If you're new to shaders in Threejs it might be beneficial to comb through this simple scene and figure out how it all works or even use it as a baseline for your own learning.
I also included some orbit controls so that we can test that the shader effect is the same across all sides of the shape
Lets breakdown the effect
Any advanced user looking at this probably thinks it simple, and in a lot of ways it is, but the implementation is as important as the theory and I wish to cover both. But before we look at the code lets have a look and a think about whats going on. Here is what we are building:
A crucial thing to consider is that in the vertex shader we have access to the face normal, this tells you what direction that vertex is facing in world space.
The key to this effect is we want it so that the more the vertex faces the camera, the more transparent it appears.
so for this technique we need to know a few things:
- The vector of the vertex normal
- The vector from the vertex position towards the camera
- The angle between those two vectors
We have the vertex normal in world space, provided by the vertex shader as 'normal', next we need the vector from the vertex to the camera. We have the camera position and the vertex position provided, the vector between two points is calculated by :
vector between two points = destination point - start point
The dot product
Now the final part was the angle between the two vectors we have spoken about before. Fortunately there is a mathematical calculation that can already be used to see to what extent two vectors point in the same direction. The dot product! Also fortunately for us this operation can be done right inside the vertex shader with the dot() function. This is a quick diagram to show in 2d what results you can expect from the dot product:
Now conveniently for us we want to use the result from this calculation to affect the transparency (or alpha) in the fragment shader, which is a number between 0 and 1.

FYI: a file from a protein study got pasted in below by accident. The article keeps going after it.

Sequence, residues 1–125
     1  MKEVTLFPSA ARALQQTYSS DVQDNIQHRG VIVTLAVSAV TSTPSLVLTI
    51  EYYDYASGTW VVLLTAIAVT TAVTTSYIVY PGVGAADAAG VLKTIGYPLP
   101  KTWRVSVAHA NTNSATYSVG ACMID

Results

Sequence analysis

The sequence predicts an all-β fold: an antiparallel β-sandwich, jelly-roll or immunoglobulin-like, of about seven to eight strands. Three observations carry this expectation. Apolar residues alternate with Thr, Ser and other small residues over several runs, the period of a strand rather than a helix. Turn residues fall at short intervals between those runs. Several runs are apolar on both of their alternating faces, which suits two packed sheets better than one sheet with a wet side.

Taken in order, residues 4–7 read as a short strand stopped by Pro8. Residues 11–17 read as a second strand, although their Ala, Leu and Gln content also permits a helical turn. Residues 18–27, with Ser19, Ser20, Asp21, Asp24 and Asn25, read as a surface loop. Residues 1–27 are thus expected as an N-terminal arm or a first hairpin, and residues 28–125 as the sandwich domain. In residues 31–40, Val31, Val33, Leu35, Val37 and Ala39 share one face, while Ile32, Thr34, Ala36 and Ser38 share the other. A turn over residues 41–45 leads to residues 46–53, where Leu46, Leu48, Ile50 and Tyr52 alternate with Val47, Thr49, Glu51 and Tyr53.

We want the result to be 0 if the vertex is facing the camera and 1 when its perpendicular, which is the opposite of what is output by the dot product, do we will need to do:
desired alpha = 1 - dot( [vector from normal to camera] - [vertex normal] );
Putting it into practice
You will see below a working example with commented code that does exactly what was described above. Lets just go over the unmentioned parts.
To pass information between a vertex and fragment shader you use the 'varying' attribute and it must be declared in an identically for both shaders. As you see here I decided to calculate the alpha in the vertex shader then pass it to the fragment using the varying output.
Another gotcha with this is that after you figure out the vector between the vertex and the camera, to do the dot product calculation properly the vector should be normalized (made to have the same direction but a length of 1). You will see this in the vertex shader using the normalize() function.
Feel free to have a play and if you dont understand message me on twitter and I will talk you through it.